Sunday, 20 April 2014

On "Frasier", Accents, and Class Distinctions

In a discussion about class, regional accents, and the way they are presented on television (especially American television)  the most pertinent example, for me anyway, would be Frasier Crane of Cheers and later his eponymous sitcom Frasier.

Frasier Crane is initially introduced in Cheers as a love interest to Diane. He is a haughty, uptight, somewhat pretentious psychiatrist intended as a foil to Sam's 'jus-plain-folks' working-class persona. He was pompous, overbearing, and full of himself, and was not the most popular character on Cheers. As Kelsey Grammar has frequently mentioned, he was often approached during his run on Cheers by fans of the show who would ask "are you that pin dick that plays Frasier on Cheers"? Frasier's Mid-Atlantic accent is supposed to indicate that he is a man of 'good breeding', so to speak, making him removed from his friends at the bar, who are all regular working stiffs from families of working stiffs.

While the Frasier character began life as a typical unflattering upper-middle class stereotype (over-educated, boring, coded feminine, and a distinct clipped and affected upper-middle class neutral American accent) the transition from Cheers to Frasier allowed the audience to see a different side to Frasier following his divorce from his equally chilly and uptight wife Lilith. Namely, the introduction of Frasier's father Martin, a retired cop. While Frasier claimed to be the orphan son of a scientist father in Cheers, it is revealed that he in fact has distinctly working-class origins, as Martin has nothing of Frasier's mannerisms, nor anything close to his accent. (As an interesting note, John Mahoney, who plays Martin Crane, is a British expat who was raised in Blackpool by a family of Mancunians.).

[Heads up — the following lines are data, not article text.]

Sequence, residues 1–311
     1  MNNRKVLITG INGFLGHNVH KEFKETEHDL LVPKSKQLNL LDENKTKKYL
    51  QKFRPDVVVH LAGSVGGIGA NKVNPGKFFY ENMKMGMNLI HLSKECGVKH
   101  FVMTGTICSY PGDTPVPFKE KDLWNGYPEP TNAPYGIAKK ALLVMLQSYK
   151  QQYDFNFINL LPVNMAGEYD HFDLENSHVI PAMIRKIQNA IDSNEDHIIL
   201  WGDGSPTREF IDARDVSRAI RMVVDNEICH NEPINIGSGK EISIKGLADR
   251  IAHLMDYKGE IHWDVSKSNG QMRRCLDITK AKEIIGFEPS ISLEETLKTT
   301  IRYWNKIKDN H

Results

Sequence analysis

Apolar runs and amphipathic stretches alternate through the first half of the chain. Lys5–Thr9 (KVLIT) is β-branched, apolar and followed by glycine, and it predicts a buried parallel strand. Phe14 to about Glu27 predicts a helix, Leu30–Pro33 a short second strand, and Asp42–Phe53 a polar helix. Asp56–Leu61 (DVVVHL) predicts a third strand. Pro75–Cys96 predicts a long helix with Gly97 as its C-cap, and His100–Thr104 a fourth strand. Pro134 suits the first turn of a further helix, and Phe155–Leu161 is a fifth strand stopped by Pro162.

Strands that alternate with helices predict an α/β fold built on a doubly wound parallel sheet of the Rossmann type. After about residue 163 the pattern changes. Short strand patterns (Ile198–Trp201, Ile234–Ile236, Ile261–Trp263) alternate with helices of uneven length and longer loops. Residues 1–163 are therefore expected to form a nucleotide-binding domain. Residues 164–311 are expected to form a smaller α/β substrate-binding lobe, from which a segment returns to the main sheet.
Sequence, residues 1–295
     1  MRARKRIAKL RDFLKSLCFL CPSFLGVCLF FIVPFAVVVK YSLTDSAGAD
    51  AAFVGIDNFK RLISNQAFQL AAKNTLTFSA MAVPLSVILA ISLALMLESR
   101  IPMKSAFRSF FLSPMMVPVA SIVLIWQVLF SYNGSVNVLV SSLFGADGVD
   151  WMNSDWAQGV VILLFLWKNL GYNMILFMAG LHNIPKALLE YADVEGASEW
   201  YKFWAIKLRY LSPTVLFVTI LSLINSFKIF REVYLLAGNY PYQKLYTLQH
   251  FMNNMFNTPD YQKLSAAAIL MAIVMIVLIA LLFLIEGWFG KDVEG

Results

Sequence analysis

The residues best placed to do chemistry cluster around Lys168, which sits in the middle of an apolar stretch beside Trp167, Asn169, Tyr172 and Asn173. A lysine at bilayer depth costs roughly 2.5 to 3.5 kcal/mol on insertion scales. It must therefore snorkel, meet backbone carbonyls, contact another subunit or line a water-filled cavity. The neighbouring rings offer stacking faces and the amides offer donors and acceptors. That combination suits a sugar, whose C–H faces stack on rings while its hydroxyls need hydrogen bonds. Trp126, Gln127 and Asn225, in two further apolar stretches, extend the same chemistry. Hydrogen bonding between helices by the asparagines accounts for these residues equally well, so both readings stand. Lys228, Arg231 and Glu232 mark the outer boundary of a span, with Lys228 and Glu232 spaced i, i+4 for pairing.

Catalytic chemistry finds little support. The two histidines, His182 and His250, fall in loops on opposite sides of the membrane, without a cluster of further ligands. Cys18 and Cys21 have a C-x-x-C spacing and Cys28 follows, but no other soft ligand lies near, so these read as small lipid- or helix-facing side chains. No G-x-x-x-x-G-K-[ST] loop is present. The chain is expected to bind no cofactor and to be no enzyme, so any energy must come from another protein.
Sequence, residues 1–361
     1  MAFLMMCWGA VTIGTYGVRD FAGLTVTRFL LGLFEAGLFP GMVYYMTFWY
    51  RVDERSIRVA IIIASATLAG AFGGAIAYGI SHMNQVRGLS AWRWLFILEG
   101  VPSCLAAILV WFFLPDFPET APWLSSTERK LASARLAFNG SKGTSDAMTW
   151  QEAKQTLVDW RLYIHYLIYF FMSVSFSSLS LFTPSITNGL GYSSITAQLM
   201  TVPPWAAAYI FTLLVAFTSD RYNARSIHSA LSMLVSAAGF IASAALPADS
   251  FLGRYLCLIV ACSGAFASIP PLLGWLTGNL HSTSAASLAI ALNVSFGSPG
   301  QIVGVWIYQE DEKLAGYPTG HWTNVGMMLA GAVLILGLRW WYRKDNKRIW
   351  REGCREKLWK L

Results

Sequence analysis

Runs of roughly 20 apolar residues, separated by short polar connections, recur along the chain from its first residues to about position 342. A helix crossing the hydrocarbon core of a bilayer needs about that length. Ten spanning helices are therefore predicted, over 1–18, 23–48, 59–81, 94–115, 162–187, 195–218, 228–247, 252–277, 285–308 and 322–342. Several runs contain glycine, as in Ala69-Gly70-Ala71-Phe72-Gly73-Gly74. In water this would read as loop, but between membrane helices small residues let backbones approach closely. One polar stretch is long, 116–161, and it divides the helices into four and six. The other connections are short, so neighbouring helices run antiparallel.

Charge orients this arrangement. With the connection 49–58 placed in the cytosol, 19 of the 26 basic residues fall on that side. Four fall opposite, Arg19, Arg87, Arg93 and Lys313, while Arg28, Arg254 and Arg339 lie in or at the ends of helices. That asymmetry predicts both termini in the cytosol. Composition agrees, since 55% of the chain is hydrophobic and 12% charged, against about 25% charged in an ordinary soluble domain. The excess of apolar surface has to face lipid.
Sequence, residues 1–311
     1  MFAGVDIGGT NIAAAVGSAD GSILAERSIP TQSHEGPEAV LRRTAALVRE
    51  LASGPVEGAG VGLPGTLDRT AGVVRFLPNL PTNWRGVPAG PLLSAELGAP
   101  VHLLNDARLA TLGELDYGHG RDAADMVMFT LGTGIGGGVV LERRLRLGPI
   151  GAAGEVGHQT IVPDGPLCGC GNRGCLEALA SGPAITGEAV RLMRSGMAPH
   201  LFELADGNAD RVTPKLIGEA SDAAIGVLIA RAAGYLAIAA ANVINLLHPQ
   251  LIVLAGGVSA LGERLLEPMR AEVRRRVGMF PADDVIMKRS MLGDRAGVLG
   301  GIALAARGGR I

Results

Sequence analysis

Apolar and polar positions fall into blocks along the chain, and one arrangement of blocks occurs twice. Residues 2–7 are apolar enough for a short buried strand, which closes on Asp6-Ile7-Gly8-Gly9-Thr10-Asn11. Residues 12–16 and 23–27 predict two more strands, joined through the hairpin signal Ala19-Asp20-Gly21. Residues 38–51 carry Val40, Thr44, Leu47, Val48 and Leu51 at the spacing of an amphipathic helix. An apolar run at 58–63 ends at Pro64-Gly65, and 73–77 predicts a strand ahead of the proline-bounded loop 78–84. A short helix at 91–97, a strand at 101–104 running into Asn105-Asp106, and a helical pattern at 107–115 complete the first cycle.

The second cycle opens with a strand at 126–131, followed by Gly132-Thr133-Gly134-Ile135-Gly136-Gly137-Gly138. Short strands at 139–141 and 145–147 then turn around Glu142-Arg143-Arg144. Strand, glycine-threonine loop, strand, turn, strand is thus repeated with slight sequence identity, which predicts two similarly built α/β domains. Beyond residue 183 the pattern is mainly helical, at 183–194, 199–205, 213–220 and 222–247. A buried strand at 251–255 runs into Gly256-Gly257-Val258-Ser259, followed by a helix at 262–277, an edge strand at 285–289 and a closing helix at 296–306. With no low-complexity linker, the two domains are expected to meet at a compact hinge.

As an audience, we come to learn that Frasier has adopted his upper-middle class persona and his pompous attitude as a defense mechanism against the bullying he endured as a child and as a sort of rebellion against his cop father. He chose to remove himself from his father as much as possible, in order to escape his roots and be better accepted in the world of academia and psychiatry. However,  the living situation that is thrust upon him (taking his father in after an injury reduces Martin's mobility) forces him to accept the reality of his origins. The humour of the show often derives from the conflict that arises between Frasier and Niles and their attempts to be taken more seriously in their fields, alongside their father's lack of pretension and his propensity to foil their social-climbing schemes.

Then we throw Daphne Moon in the mix, who is identifiably working-class as she has a thick pseudo- Manchester accent and often speaks of her formative years in England in a less-than-pretentious way. Daphne and Martin bond over their working-class backgrounds, while Frasier often scoffs at Daphne's tales of childhood or claims of psychic abilities. Niles' infatuation and eventual relationship with Daphne could perhaps be attributed to a desire to re-claim his working-class identity or a way of reconciling what he may view as abandonment of his father and his father's way of life.

Regardless of motivations, the Niles/Daphne relationship represents a destruction of class boundaries, as Daphne is not only identifiably working-class in her accents and mannerisms, but also her profession, because as Martin's physical therapist she could generally be regarded as "the help". For Niles to fall in love with a woman like Daphne requires an acknowledgement of these class boundaries and also an outright rejection of the class distinctions that he has spent his adult life mimicking and affecting. The same can be said for Daphne, as her "Manchester" accent is slightly mangled and Jane Leeves has said that this was intentional on her part to indicate that Daphne has spent quite some time in the States and has probably intentionally taken on a bit of an American twang in order to fit in with her peers in the USA.

It's not to say that Frasier is a perfect representation of class distinctions or that it breaks down any boundaries, as a 30-minute American sitcom. Certainly, any Brit or anyone with British ties couldn't help but laugh at the fact all of Daphne's brothers have wildly differing regional accents. All in all though, I think anyone from a working-class background who has ever struggled with their working-class identity and being accepted in a field that is not friendly to working-class people can relate.


  1. Brief but a very well written analysis.

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